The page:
Winter driving has its own hazards including snow, ice and general slippery conditions. Even roads that appear to be dry can pose a danger as “black ice” secretly builds up with you unaware and perhaps unprepared for what is on the road. You can’t do anything about road conditions, but you can choose the right kind of tires to help you get through the winter months. Your safety as well as the safety of your passengers and other drivers may be at stake.
Review your owner’s manual — The type of snow tires your car should use are largely dependent on what the manufacturer suggests. That information should be found within your owner’s manual or with related information included in your car. Check your glove box for those details.
Local conditions — If you live where it seldom snows, then the type of tires you choose will vary from what a person in the snow belt would choose. For the latter category, high performance all-season tires should do. For people who live where winter precipitation is frequent, then severe snow service tires are a must. These tires are branded with the mountain/snowflake symbol and are the types of tires driven on European highways.
Studded snow tires — Frequent snow and tough rough conditions mean one thing — you should put studded snow tires on your car. These tires are not legal everywhere and you will be required to remove them after a certain date. For example, in the state of Washington studded tires are only permitted from Nov. 1 to March 31. Use these tires outside of this date range and law enforcement personnel may fine you.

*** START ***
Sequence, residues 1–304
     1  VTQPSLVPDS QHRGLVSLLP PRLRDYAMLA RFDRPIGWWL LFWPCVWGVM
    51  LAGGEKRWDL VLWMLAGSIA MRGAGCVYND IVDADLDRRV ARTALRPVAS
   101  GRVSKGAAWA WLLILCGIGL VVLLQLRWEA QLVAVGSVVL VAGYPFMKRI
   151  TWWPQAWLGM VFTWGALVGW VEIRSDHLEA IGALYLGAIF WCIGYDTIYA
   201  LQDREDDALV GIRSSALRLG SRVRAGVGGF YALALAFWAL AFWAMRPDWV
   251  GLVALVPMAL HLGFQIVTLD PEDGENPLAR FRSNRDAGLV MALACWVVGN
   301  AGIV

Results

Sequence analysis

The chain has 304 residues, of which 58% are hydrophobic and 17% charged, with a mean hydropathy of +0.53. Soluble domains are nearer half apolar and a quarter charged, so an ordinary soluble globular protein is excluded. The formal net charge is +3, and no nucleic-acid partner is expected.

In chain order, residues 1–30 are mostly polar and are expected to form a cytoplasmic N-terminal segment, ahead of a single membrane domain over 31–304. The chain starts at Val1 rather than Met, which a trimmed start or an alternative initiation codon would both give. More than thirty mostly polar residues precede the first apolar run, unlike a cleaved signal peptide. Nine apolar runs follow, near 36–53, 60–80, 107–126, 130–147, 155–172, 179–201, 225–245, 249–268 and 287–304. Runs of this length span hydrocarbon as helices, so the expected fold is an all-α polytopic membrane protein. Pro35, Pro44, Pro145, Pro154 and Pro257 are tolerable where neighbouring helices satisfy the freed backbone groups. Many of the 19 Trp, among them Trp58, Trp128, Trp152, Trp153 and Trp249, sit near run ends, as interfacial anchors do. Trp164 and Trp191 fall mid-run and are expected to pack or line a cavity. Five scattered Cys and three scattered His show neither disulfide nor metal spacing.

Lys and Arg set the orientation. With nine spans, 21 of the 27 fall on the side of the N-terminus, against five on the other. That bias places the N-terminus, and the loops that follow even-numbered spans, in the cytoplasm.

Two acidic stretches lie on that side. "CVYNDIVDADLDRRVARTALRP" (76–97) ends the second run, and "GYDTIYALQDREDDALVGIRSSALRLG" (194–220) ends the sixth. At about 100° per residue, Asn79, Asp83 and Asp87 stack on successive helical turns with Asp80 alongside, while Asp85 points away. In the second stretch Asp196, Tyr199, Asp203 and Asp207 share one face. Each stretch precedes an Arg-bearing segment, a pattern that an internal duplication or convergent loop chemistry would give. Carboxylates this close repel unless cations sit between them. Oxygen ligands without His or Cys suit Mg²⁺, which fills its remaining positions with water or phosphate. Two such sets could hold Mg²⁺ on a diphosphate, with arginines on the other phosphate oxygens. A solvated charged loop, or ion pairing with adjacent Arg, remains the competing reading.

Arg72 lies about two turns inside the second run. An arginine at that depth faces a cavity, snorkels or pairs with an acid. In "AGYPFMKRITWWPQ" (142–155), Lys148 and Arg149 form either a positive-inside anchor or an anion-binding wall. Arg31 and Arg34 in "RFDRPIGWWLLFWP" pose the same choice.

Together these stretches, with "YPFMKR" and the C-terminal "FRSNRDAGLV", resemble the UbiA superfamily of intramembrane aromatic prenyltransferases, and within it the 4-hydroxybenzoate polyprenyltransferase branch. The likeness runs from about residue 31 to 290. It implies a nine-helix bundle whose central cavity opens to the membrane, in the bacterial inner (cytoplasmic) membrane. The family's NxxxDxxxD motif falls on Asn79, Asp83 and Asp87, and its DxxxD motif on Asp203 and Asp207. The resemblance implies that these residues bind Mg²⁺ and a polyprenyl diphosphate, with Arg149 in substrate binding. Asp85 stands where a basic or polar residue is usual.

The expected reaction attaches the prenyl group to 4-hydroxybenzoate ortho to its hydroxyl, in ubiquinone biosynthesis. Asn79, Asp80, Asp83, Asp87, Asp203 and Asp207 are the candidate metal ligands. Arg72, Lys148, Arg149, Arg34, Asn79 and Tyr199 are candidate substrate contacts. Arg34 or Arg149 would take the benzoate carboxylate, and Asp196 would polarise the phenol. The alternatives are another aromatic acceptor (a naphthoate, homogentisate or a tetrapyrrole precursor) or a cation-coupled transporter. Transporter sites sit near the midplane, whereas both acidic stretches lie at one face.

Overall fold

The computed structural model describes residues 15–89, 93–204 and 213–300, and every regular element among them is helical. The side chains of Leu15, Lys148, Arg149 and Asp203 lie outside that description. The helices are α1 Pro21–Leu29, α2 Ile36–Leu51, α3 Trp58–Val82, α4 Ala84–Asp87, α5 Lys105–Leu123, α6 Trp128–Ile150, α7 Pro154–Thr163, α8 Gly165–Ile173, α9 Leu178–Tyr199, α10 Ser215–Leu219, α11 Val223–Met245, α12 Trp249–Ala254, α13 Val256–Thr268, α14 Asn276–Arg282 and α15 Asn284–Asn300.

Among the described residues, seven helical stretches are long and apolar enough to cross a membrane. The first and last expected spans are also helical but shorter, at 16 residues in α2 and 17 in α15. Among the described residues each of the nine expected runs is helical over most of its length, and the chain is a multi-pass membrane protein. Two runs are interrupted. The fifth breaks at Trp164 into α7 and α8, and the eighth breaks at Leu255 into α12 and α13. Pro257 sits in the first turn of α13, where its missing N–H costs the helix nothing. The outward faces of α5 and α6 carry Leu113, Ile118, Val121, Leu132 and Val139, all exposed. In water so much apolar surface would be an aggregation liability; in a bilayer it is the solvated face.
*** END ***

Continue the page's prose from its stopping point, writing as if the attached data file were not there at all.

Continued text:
Lightweight studs — Besides studless and studded tires, lightweight studded tires are an option, and may provide a happy medium between these two tire types. You’ll get sufficient grip and these tires don’t need to removed when studded tires must come off or your car.
If you’re not certain what tires to buy, consult with a tire professional who can discuss with you the right tires for your car and your driving conditions. Tire placement will depend also on what type of vehicle you drive and which wheels power the car — front-, rear- or all-wheel-drive. Lastly, compare prices and research the reputation of each brand. Some tires wear better than others and can give you many miles and years of service.